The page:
Humboldt State University

Robert A. Paselk Scientific Instrument Museum

Humboldt's Latin American Expedition, 1799–1804

Richard Paselk, Curator

Engineer’s Transit ("Theodolite")

In his own words in his Personal Narrative of Travels…. Humboldt carried "A theodolite by Hurter, the azimuth circle of which was eight inches in diameter." (Alexander von Humboldt. Personal narrative of travels to the equinoctial regions of the New continent, during the years 1799-1804, by A. von Humboldt and A. Bonpland. translated from the French by Helen Maria Williams, 1814, p 35.)

Regarding the theodolite, Deborah J. Warner, Smithsonian NMAH writes:

"Leonard Digges introduced the word "theodolitus" in his Pantometria (London, 1571). This surveying instrument had a circular ring or plate divided into 360 degrees, and a pivoting alidade with sight vanes at either end. Theodolites of this sort, as well as others with a second pair of sight vanes affixed to the graduated circle, were soon in widespread use. In 1791, George Adams Jr. called this instrument a "common theodolet," reserving the term theodolite for the telescopic instruments with horizontal circles and vertical arcs that had been introduced in London in the 1720s. ... In the 18th century form, the telescope is mounted directly on the vertical arc. In the transit theodolite, which originated in London in the 1840s, the telescope is transit mounted, with a vertical circle mounted at one side. Heinrich Wild’s optical theodolite, introduced in Switzerland in the 1920s, had several new features, including an auxiliary telescope that lets the user read either circle without moving away from the station." *

Selected on-line examples of early 18th and 19th-century artificial horizons that may be similar to Humboldt's include:

  1. Smithsonian NMAH
    1. (c. 1824)
    2. (c. 1820)
    3. (c. 1740)
    4. (c. 1826)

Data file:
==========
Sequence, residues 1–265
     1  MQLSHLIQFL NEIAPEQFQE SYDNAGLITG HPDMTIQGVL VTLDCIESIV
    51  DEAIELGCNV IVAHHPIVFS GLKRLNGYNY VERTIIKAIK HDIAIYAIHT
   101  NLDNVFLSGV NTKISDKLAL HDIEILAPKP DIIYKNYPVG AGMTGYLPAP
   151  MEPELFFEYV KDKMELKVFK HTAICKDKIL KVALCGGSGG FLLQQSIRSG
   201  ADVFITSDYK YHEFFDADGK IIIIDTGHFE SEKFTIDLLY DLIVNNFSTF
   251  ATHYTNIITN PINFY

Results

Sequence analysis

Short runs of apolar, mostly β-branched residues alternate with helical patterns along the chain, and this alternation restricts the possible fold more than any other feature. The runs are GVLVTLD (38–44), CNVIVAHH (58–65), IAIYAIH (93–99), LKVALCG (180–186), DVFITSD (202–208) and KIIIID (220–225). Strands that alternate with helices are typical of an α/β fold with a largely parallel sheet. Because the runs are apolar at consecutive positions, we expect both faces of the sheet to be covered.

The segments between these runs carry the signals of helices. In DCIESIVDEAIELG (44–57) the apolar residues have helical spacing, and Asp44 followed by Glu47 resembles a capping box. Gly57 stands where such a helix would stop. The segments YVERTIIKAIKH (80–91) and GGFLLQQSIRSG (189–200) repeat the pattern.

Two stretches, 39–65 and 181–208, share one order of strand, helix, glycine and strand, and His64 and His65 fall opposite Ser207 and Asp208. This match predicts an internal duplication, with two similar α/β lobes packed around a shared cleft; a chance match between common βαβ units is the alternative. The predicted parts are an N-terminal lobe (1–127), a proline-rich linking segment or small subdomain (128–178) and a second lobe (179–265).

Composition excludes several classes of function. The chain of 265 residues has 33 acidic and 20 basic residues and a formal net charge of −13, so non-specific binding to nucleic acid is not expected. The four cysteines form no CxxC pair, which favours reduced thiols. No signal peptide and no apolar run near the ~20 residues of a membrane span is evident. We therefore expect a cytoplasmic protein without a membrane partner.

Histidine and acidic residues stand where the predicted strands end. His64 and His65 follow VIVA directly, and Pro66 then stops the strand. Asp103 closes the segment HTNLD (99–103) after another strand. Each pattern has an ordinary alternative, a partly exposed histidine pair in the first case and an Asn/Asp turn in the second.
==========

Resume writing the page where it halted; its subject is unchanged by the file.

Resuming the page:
transit image  icon

Lietz Co., San Francisco

1938; HSU Geology Dept.

Lietz catalog pages scan icon

Used in surveying for determining both vertical (altitude) and horizontal (azimuth) angles. The transit is similar too and serves the same function as Humboldt’s theodolite by Hurter. The instrument on display appears to be an A. Lietz No. 5E Transit Theodolite with verniers reading to 30 sec on the azimuth circle (see catalog description, Extras). The catalog scan is from the A. Lietz Co. General Catalog, 17th ed. (1938). Complete scans of this catalog are available online at

Regarding the transit, Deborah J. Warner, Smithsonian NMAH writes:

"The transit was the most important surveying instrument in the United States in the 19th century. But William J. Young, who invented the form in 1831, did not see it as something new, but simply a modification of his new railroad compass. In an advertisement in the American Railroad Journal for March 23, 1833, Young described the transit as "an Improved Compass, with a Telescope attached, by which angles can be taken with or without the use of the needle, with perfect accuracy." J. P. Stabler, Superintendent of Construction of the Baltimore and Ohio Railroad, wrote that the new instrument "leaves the engineer scarcely any thing to desire in the formation or convenience of the Compass. It is indeed the most completely adapted to lateral angles of any simple and cheap instrument that I have yet seen, and I cannot but believe it will be preferred to all others now in use for laying of rails and—in fact, when known, I think it will be as highly appreciated for common surveying." By 1837, the new instrument was known as a transit. The American Railroad Journal added to the historical account in 1855, noting that the first transit "was made by Mr. Wm. J. Young, the accomplished Mathematical Instrument Maker, of Philadelphia, for the Baltimore and Ohio Railroad Company, the Engineers of which made the first suggestions modifying the old Theodolite." **

A 'contemporary' description of the theodolite and its use from Frederick Walter Simms, A Treatise on the Principle Mathematical Instruments Employed in Surveying, Leveling, and Astronomy, Troughton & Simms, London (1834) is available as a pdf here.***


The azimuth and altitude circles are 6 and 4 ½ inches in diameter respectively. They are readable by vernier scales to 30 seconds of arc in azimuth (see image) and one minute of arc in altitude (see image). The compass box is 4 ¼ inches across, reading to single degrees, and adjustable to compensate for magnetic declination (see image). The cap coering the bearing on the altitude circle side is missing (see image above and compare to the image of the opposite side)

* Downloaded 7 August 2013


*** The complete text of this work is available online via google books as well as in various reprints from vendors such as Amazon.

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HSC (1954-1973)

© R. Paselk

Last modified 16 September 2013